Summer is the best time to buy a waterfowl gun. You have months to get comfortable with it, blasting away 2 3/4-inch loads at the trap range before really breaking in the gun—and your shoulder—in the fall.
But choose carefully. Waterfowl hunting has a way of weeding out the weak and vulnerable shotguns (and hunters). Only the most reliable, durable designs will stand up year after year.
The duck and goose guns on this list are among the best ever made. —Curtis Niedermier
With more than 11 million sold, the Remington Model 870 is the most popular shotgun ever made. How’d it get so good? Its simple, pump-action design is among the most reliable ever made – even compared to other pumps that lasted for decades. For hunters, especially waterfowl hunters, reliability is the most desirable trait in a gun. Dozens of 870 variations have been made over the years, including models with waterfowl-themed camo patterns, matte finishes, 3 ½-inch chambers and other features duck hunters appreciate. And every one has been affordable and reliable. Even hunters who choose $1,000 shotguns as their go-to guns probably have an 870 “back up” stashed away somewhere in the safe. (Check availability here) —C.N.
If you grew up in a waterfowl hunting family, there’s a Model 12 being passed down through the generations. It’s an iconic gun that was released in 1912, survived two world wars and went on to become one of waterfowl hunting’s most beloved symbols.
As waterfowl guns go, it was a microcosm of its generation: simple, clean and reliable. It came with a blued finish and walnut stock. Long-range pass-shooting, more common in the era of this gun’s prime, led to long 32-inch barrels and full chokes being popular. The design of the gun’s wooden parts changed some over the years, and the barrel and choke specifications evolved a bit with the times. But the basic, reliable Model 12 action is what made it an icon of the waterfowl industry. (Check availability here) —C.N.
Put aside the recent reincarnations of this classic Browning design. The original A-5 is one of waterfowl hunting’s favorite guns. The classic humpbacked receiver is its visual calling card, but for those who hunted with one, the A-5 is probably best known for the “ker-chunk, ker-chunk” feeling of its action. Functioning with recoil-operated springs, the entire barrel slid into and out of the receiver on every shot. Minor adjustments within the gun could fine tune it for the loads each hunter chose, and a little break-in time was needed to get it running just right. As newer autoloaders came on the market, the A-5 gradually grew out of style and took on the image as being a “clunky, hard-recoiling” gun. Just don’t tell that to any of its diehard fans who still use it today. (Check availability here) —C.N.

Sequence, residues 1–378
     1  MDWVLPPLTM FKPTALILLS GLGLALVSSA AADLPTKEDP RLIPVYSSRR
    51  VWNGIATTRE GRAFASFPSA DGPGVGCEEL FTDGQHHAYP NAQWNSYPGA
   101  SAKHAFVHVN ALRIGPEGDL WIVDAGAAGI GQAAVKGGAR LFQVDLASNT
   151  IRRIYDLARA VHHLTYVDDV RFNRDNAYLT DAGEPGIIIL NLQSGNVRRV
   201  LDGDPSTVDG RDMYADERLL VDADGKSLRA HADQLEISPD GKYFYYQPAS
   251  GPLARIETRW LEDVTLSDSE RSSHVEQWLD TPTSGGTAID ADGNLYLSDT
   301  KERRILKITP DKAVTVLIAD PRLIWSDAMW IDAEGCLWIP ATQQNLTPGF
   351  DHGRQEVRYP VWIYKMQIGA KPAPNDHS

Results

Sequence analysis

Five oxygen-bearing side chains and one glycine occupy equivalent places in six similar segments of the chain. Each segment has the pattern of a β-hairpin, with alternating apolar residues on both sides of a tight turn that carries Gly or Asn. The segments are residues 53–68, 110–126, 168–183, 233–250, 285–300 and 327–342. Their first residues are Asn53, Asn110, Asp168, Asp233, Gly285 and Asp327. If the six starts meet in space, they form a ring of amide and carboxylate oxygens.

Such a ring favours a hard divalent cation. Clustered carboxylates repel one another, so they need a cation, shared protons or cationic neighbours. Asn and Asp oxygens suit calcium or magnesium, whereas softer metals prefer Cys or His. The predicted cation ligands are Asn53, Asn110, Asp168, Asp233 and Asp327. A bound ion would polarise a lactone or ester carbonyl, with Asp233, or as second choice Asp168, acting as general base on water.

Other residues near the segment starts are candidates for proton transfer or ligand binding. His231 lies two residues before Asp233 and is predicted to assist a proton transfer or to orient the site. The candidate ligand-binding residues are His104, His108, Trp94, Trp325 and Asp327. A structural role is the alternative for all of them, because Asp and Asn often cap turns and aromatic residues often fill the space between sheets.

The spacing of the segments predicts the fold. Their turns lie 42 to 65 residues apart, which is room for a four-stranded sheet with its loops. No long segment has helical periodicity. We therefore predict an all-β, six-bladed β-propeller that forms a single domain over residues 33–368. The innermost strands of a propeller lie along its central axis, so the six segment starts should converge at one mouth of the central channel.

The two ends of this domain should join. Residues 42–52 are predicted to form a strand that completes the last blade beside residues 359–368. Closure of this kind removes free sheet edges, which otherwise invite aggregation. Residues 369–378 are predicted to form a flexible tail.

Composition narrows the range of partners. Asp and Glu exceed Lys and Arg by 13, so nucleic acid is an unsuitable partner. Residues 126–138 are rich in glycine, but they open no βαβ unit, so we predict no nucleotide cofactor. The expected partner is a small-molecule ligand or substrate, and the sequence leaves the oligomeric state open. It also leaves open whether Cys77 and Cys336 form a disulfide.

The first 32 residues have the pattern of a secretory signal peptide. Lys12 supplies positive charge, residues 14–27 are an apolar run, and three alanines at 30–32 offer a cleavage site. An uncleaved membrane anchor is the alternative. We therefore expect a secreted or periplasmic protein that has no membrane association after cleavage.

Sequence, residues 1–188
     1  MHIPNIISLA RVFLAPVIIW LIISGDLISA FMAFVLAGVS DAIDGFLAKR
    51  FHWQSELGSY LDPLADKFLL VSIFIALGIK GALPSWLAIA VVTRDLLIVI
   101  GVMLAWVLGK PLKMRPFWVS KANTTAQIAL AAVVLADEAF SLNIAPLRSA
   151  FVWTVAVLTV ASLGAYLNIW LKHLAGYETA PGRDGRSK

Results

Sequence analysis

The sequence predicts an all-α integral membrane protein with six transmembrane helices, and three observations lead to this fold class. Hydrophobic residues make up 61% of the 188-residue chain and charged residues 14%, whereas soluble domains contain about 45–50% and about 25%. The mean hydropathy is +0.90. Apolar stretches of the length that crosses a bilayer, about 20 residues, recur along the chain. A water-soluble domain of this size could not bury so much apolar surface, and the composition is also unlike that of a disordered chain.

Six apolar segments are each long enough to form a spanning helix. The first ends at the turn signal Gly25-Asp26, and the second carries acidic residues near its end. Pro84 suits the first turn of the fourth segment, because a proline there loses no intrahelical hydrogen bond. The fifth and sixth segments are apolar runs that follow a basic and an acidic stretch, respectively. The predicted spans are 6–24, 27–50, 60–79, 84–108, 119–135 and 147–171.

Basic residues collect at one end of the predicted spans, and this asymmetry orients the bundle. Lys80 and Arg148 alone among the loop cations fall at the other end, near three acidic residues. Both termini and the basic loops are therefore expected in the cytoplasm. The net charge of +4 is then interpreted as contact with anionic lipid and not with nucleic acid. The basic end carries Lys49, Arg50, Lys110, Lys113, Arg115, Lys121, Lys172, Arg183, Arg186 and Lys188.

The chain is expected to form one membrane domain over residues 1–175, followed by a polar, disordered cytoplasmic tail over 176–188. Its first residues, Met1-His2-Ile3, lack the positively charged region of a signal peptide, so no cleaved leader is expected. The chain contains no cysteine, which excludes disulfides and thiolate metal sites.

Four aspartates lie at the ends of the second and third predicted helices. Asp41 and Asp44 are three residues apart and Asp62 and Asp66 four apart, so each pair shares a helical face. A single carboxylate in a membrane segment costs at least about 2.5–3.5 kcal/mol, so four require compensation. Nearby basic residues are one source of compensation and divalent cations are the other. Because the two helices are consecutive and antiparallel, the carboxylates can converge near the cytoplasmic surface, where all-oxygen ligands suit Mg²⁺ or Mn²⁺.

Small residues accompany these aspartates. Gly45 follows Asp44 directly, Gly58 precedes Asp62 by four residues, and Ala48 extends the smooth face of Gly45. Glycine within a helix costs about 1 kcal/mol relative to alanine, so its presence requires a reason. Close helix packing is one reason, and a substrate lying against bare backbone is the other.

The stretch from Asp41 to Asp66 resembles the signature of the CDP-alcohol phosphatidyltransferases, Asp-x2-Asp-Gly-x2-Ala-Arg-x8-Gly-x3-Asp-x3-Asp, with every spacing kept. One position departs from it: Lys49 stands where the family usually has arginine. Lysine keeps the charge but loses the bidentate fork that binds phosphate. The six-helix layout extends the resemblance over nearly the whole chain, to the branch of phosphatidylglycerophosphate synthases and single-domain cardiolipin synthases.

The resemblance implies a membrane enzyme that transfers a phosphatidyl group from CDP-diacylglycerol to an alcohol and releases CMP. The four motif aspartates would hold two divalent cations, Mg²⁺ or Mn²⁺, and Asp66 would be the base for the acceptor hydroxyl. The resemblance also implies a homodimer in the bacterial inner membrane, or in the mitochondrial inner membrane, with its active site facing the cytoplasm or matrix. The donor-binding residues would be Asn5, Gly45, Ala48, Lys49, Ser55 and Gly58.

A gun that was built for punishment, the Super Black Eagle 3 has been shot just about everywhere ducks and geese fly. In 2020, Benelli added to that durability with the advent of its BE.S.T Series, a finishing technology that wards off rust and corrosion, which coastal waterfowlers will appreciate. Buy a Benelli with parts treated in the BE.S.T finish and you get a 25-year warranty. A 12-gauge, the balance of this third-generation gun is more forward-weighted than its predecessors, so you can continue to swing through the bird. The fore-end is still slim, and it carries more like a 20-gauge than a 12 (it’s only seven pounds), but doesn’t kick your ass like an inertia-driven 3.5-inch gun should. That’s thanks to the Comfort Tech 3 stock, which uses shock-absorbing chevrons to limit recoil and a cheek pad that is soft enough to fall asleep on (please don’t). It comes in black synthetic, Mossy Oak, Realtree and Optifade patterns, plus a satin walnut finish for those that still hunt in tweed. An oversized bolt handle and bolt release make it easy to operate. The SBE3 comes in right- and left-handed models with three barrel lengths: 24, 26 and 28 inches). (Check availability here) —Joe Genzel
You can find the full review of the Benelli Super Black Eagle II here.
5. Beretta A350 Xtrema
With its “self-cleaning gas cylinder and piston,” the Xtrema is known as one of the most reliable gas-operated autoloaders ever made. It was also the flagship waterfowl gun of Beretta up until the release of the A400 series. It has a 3 ½-inch chamber and is known for its ability to eat any and all field loads you send its way. The Xtrema Max 5 doesn’t come with a wood stock. Its synthetic and rubber outer layers—plus the corrosion-resistant materials on all the metal parts—aren’t the prettiest in the eyes of some traditionalists, but they definitely extend its years of service in the duck or goose blind. ($1,150) —C.N.
For Browning fans—and there are droves of them—the Gold is like a beloved uncle. There might be younger, leaner models around, but this is the one that taught them how to hunt and painted all those early memories. Its Speed Loading design was a hit when shell No. 3 was gone and the birds were still coming, but its best feature was the reliable gas action. Today, the Gold has nearly been replaced in Browning’s lineup, except for the 10-gauge model. Goose hunters who still prefer the big boy should get one now. For the rest of us, we’ll have to wait until all the Gold diehards finally break down and offer to sell. (Check availability here) —C.N.
The Versa Max is a relatively new classic auto-loader from Big Green, taking its place beside the 1100 and 11-87. The gun has a unique gas port system that regulates pressures during cycling based on the length of the load being used. The result is a soft-recoiling action no matter the load. That’s a feature all waterfowl hunters appreciate. Other notable features are the easy-to-grip stock material, corrosion-resistant finish on metal surfaces and the ability to shoot up to 3 ½-inch shells. (Check availability here) —C.N.
See our full review of the Remington Versa Max when it came out here.
The Vinci is about as “space age” as it gets with waterfowl guns, but there’s a lot packed into that extreme-looking frame. The Vinci breaks down into three basic parts for easy transport and cleaning and is adjustable for four common stock dimensions. Benelli shotguns are all about speed and reliability, and this gun has plenty of both thanks to careful tweaking of the action and balance of the gun that reduces recovery time between shots. It also uses an updated “in-line” version of Benelli’s famed Inertia Driven System. There’s a lot of techno-jargon and impressive engineering packed into the Vinci, and the more recent Super Vinci, which can handle 3 ½-inch shells. What’s been most impressive, however, is how quickly this gun has won over waterfowl hunters everywhere. (Check availability here) —C.N.